Why does economic growth remain slow in our country? Arne Maes, Economic Advisor at BNP Paribas Fortis sheds light on these issues.
Economic growth in Belgium has been slow for decades. Yet Belgium is not alone in this. Almost all industrialised countries have suffered the same fate and the underlying causes are largely the same.
For example, the gradual transition from a manufacturing to a service economy has led to a slowdown in growth in the countries concerned. Technological progress, which allows the manufacturing industry to produce more efficiently, has a much less marked effect on the services sector. This means that an increase in employment in services acts as a brake on overall growth.
What about Belgium?
Labour productivity is growing at a significantly slower rate in Belgium than in neighbouring countries. Since the beginning of the crisis, the extent to which productivity has declined in the Belgian services industry, especially in non-market services, such as education, health and government activities, has been particularly striking. Naturally, another issue is that since the beginning of this century, the wages in our country have risen nearly four times faster than our productivity.
One explanation for Belgium’s poor performance could be the lack of innovative technology companies within our national borders. After all, the relative importance of these rapidly-growing sectors in the Belgian economy has waned in recent years, and with it its contribution to research and development.
Moreover, several trends which, historically, have contributed to economic growth are slowly drawing to a close. So-called global value chains, where multinationals ship their products from continent to continent as part of the production process, have gained in importance. In recent years, increased local specialisation has led to significant efficiency gains. As an economy that is strongly focused on international trade, Belgium has always been one of the pioneers in this respect, but comprehensive task specialisation has now reached a natural ceiling.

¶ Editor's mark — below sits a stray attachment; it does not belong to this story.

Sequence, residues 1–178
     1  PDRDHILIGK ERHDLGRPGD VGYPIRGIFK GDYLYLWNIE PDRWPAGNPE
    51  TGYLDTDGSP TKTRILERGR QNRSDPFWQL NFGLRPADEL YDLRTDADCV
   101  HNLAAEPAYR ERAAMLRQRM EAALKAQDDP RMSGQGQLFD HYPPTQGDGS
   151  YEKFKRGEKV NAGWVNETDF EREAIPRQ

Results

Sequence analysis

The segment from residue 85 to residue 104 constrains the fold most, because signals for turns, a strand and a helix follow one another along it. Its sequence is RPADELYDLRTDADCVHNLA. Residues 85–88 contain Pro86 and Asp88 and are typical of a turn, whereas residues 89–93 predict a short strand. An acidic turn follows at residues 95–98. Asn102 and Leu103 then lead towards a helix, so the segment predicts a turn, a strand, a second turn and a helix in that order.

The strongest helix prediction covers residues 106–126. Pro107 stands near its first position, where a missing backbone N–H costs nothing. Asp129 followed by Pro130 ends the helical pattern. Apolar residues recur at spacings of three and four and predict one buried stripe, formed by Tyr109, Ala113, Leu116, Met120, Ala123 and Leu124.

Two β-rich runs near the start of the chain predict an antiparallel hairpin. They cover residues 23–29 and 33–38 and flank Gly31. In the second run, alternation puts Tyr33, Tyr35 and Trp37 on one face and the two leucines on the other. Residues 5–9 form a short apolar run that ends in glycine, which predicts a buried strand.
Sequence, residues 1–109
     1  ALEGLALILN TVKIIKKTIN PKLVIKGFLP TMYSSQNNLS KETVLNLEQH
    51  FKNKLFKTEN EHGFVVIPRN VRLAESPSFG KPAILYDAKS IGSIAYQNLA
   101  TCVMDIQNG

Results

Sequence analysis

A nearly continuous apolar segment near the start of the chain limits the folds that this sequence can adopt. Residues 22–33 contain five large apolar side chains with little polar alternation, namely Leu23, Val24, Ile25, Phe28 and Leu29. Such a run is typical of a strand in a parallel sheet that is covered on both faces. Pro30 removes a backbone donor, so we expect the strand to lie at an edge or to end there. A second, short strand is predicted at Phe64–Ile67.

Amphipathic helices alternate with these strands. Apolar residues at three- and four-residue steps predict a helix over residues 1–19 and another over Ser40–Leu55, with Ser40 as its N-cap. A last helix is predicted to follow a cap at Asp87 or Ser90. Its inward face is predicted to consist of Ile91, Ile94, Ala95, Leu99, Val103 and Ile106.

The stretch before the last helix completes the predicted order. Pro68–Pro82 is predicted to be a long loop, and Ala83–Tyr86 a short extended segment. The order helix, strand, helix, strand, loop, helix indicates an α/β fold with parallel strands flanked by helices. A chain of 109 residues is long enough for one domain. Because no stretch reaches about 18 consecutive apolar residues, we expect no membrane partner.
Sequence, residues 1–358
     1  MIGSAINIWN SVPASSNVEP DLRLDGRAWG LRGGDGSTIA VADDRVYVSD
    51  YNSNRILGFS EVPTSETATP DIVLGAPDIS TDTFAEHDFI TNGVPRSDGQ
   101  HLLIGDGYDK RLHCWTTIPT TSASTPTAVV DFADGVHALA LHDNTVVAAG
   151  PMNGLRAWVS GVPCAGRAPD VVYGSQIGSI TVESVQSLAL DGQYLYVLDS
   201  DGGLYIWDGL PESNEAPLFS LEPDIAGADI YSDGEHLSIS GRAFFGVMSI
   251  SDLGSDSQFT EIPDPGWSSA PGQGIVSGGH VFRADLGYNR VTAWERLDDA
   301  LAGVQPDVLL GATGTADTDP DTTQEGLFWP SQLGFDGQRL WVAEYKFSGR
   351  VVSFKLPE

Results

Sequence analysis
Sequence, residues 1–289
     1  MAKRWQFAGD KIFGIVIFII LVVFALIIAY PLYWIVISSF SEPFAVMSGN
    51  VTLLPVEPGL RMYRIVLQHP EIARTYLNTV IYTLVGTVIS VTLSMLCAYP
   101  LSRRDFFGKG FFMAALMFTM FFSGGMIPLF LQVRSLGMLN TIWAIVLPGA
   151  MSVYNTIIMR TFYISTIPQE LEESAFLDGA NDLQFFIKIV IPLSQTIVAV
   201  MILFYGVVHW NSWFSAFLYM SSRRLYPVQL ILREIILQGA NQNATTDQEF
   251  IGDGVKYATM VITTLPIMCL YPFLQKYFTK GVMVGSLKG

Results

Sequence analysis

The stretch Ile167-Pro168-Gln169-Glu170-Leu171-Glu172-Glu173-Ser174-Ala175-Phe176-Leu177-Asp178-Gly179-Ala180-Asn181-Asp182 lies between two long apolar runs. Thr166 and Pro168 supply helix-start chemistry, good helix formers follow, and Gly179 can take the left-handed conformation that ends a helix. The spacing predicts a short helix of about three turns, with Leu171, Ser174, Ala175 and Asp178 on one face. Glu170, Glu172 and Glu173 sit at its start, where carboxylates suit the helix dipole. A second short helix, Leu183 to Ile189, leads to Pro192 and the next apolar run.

In addition, the increase in the educational levels of the Belgian population is slowly approaching its limits. As a result, we cannot expect education to make a positive contribution to growth, either.
The new normal?
Some of the developments discussed above are therefore irreversible, but growth itself is not, by any means. Fortunately, there are some ways in which this stuttering economy can be revived.
We need investment in order to improve our long-term prospects. Companies need legal certainty and transparency. In this respect, the forthcoming review of the Belgian Dock Work Regulation Act and the Belgian Excess Profit Rulings tax scheme inspire little confidence.
On top of that, public investment has also fallen sharply in recent years, often under the guise of much-needed consolidation of finances. However, further erosion of the existing infrastructure must be stopped. Even in difficult budgetary times, projects with high added value pay dividends, especially at a time when interest rates remain historically low.
In addition, Antwerp and Brussels are both in the top five cities for traffic congestion. A redesigning of the existing network and financial incentives affecting individual car usage are absolute musts.
Despite some positive reports, the employment rate – at 67% – remains significantly lower than that in our neighbouring countries. Earlier this year, the IMF put its finger on the sore spot: in the fragmented Belgian job market, some population groups (older people, immigrants) are still finding it extremely difficult to carve out a space. For its part, in its recent country-specific recommendations the European Commission has yet again denounced Belgium's relatively inflexible wage setting. This means that further reforms are urgently needed.